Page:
Architectural Innovation in China

Thursday, 2 July 2015: 4:00 PM-5:30 PM
CLM.3.04 (Clement House)
Marcus Conle, University of Duisburg-Essen, Duisburg, Germany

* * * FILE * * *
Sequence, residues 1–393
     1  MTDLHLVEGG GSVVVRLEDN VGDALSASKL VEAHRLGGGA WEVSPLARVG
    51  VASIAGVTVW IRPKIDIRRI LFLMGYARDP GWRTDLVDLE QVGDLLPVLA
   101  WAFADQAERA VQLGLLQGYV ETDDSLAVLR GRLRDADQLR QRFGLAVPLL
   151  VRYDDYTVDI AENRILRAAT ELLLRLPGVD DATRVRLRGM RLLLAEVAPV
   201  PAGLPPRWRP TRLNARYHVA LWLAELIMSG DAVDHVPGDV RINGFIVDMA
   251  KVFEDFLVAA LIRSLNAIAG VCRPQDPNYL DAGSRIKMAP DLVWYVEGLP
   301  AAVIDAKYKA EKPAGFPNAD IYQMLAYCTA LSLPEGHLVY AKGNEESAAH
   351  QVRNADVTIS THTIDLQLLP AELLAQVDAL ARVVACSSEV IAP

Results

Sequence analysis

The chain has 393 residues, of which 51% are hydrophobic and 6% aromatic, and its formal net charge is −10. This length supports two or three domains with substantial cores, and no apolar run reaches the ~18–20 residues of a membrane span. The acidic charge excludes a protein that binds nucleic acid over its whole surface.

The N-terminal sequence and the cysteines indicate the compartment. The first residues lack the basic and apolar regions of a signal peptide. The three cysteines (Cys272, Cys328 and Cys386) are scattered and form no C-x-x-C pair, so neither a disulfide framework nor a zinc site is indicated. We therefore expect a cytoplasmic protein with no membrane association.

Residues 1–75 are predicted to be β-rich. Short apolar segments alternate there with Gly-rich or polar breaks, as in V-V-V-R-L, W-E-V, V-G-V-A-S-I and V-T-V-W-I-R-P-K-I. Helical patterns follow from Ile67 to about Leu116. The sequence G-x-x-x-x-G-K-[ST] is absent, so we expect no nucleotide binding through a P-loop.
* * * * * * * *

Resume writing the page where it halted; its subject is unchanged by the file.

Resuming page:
One of the main ambitions of the Varieties of Capitalism (VoC) is to draw attention to differences of national innovation patterns and to link those differences to variations in the institutional environments of firms in the respective countries. The original version focuses on two groups of advanced economies with distinct institutional configurations that appear to excel in either incremental or radical innovation. In turn, it is suggested that all the countries that cannot be assigned to one or the other of the two types of institutional configurations are less successful altogether (e.g. Hall and Gingerich 2009) or, expressed more cautiously, less successful in performing either of the mentioned major innovation strategies. More recently, however, a growing number of researchers have turned to Henderson and Clark’s (1991) quadripartite distinction of innovation strategies in order to determine the specificities of China’s national innovation pattern. According to the recent view, China’s economic performance, including its current competitive success in several sectors, fundamentally rests on architectural innovation. Yet, the sources of the alleged comparative advantage still needs to be fully worked out. The prospective paper provides an encompassing review of the literature on architectural innovation in China. It starts with a discussion of the assumption made by the VoC that different industries were characterized by specific forms and patterns of innovation. Based on such a product-technology perspective, the review particularly highlights the China literature’s assigning significance to (quasi-) open product systems and modularity for the definition of sectors as being characterized by architectural innovation. In order to exemplify the point, the development trajectories of several relevant industry sectors are summarized and compared. Then, the analysis focuses on the literature’s findings with regard to the organizational forms and processes underlying architectural innovation. It will be argued that these kinds of analyses are rather scarce and fragmentary leaving many questions pertaining to collaborative and competitive relations as well as the organization of work unresolved. The subsequent chapter addresses the institutional resources that are accessed and combined by entrepreneurs, or entrepreneurial firms, in order to engage in the particular organizing of architectural innovation. Finally, the main points of the analysis are evaluated in relation to the original VoC approach and a further pertinent framework, Sanchez and Collins’ (2001) technologically deterministic “products design organizations” approach.